Street (Larne)


Street was a rock band from Larne formed by guitarist Terry Gordon in 1978 from the remnants of local bands Frisco and The Jay Arthur Band. The original line-up featured: Terry Gordon, Trevor 'Huck' Russell, Robert Agnew, Timmy Davis and Brian Strahan (see instruments below)

Lead Vocals/Percussion/Pipes: Trevor 'Huck' Russell
Lead Guitar:
Terry Gordon
2nd Guitar: Robert Agnew / Stevie Browne
Bass: Brian Strahan / Billy McNeill
Drums/Blues Harp:
Timmy Davis
Manager: John Hilton

March 1979: 7" Sweet Chelsay / Beautiful Day | Okey-Doke Records OD.2

The band were very successful playing the club and university circuit and started out playing mostly covers of rock songs, although their trademark was to choose songs that were less well known or technically difficult to play well. By the end of 1978 the band were playing mostly original material and had begun to tour extensively in both the North and South of Ireland, making a name for themselves in many of the more popular rock venues. Brian was forced to leave the band for personal reasons in October 1978 and was replaced by another former Jay Arthur Band bassist, Billy McNeill.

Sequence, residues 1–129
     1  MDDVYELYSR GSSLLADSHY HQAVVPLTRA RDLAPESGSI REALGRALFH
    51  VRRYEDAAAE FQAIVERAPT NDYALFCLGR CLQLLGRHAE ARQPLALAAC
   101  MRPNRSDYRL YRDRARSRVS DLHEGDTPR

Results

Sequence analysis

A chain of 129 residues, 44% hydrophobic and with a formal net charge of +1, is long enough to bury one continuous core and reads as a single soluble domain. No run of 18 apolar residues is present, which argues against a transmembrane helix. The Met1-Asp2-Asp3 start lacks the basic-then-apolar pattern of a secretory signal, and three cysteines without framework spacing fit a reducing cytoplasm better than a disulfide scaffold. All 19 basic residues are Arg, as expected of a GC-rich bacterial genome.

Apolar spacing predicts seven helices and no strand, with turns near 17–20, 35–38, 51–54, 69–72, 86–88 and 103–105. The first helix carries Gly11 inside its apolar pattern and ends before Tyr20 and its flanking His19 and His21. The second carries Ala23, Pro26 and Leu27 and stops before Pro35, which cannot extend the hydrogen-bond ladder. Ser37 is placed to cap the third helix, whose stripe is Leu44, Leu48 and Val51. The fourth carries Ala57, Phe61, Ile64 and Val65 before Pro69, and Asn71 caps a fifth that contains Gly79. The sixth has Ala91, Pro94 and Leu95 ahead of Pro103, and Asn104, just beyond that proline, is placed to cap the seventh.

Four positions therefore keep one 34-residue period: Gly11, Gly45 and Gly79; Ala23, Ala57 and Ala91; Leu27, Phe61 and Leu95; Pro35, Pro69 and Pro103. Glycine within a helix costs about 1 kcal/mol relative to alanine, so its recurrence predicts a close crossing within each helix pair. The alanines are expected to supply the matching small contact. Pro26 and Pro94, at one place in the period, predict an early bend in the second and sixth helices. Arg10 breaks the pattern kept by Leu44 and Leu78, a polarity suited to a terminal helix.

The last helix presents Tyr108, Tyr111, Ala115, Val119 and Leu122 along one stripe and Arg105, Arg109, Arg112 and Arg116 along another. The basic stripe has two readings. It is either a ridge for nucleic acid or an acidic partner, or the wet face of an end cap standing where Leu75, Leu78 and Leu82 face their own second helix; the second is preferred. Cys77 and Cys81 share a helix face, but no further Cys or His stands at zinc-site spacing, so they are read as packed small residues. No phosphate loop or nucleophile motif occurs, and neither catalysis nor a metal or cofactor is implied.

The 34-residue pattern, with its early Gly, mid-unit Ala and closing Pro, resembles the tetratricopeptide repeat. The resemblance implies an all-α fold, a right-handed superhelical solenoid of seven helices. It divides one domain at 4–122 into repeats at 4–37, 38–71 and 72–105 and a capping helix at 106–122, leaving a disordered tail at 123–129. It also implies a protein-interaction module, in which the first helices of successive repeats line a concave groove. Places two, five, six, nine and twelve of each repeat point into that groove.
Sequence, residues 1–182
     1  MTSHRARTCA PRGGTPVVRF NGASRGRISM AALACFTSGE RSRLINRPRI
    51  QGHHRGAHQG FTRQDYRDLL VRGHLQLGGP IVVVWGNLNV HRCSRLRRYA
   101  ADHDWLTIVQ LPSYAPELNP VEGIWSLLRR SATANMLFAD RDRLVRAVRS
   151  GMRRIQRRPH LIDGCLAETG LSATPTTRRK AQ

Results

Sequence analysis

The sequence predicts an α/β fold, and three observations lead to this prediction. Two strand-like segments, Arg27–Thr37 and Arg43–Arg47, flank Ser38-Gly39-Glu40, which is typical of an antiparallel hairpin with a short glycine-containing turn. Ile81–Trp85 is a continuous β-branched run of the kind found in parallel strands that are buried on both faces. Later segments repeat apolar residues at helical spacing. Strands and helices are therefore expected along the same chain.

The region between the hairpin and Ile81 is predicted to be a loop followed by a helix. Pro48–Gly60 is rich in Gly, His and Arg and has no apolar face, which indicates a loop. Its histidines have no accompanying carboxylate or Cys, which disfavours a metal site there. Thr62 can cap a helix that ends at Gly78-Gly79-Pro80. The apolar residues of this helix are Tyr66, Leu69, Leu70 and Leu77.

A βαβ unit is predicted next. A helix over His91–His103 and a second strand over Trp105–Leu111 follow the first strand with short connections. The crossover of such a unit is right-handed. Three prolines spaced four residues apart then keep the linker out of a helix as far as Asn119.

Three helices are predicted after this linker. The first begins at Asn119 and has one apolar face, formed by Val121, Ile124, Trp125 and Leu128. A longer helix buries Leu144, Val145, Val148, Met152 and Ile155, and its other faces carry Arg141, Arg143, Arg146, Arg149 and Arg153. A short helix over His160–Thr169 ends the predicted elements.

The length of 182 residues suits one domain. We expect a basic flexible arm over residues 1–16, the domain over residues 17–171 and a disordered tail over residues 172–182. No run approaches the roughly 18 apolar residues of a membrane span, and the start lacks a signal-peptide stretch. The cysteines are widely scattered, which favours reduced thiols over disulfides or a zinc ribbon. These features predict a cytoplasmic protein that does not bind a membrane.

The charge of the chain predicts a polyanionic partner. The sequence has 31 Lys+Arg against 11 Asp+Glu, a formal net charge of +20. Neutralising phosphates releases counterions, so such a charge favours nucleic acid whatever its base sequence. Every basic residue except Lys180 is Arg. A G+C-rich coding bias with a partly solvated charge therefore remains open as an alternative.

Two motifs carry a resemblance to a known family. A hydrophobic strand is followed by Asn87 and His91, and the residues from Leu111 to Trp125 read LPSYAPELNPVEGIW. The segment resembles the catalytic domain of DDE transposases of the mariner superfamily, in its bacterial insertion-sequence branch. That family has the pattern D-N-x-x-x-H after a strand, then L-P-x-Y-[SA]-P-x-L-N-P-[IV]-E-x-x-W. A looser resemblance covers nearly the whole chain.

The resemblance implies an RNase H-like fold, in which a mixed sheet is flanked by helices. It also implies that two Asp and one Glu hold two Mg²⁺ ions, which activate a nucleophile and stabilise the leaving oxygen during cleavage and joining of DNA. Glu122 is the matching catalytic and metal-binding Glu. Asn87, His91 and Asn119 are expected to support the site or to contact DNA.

Ironically, Streetís biggest break came in November 1978 when they asked The Jay Arthur Bandís founder and guitarist, John Hilton, to manage them, despite having already poached three members of his band. Under Johnís management, the band began to play larger venues, touring regularly and growing in popularity, particularly in the South, where they achieved virtual Ďcultí status.

What made their music unique was the fact that all of the band members were multi instrumentalists and each was influenced by different genres encompassing blues, rock, folk and R & B. This mixture of influences was apparent in both their live performances and studio work. Their performances would move effortlessly from raunchy progressive rock into a solo instrumental acoustic set and on into blues and psychedelic rock. But, despite the range of styles, you were never in any doubt that you were listening to Street.

A trademark of the band was the five-part harmony vocals that featured in many of their songs. This even included a vocal only track in the middle of an R & B set.It was also not unusual to see the drummer playing blues harp while the lead singer played the drums, or the lead guitarist and bass player exchanging roles. Street were also very much about entertaining and involving the crowd and will be remembered, even in larger venues, for taking a fully miked floor tom-tom into the audience and allowing fans to play along to improvised riffs. The bandís versatility was further enhanced in April 1979 when rhythm guitarist Robert Agnew was replaced by Stevie Browne, formerly of Badger, who brought a country rock edge into the mix.

The final line-up of the band now consisted of: Terry Gordon, Trevor 'Huck' Russell, Stevie Browne, Timmy Davis and Billy McNeill.

As well as major venues like the Ulster Hall in Belfast, Leisureland in Galway, Downtown Campus, The Showboat in Waterford and the Universities, the band made regular appearances at the top rock venues of the time including The Pound, Kellyís, The Toll Bar, The Rocking Chair, etc.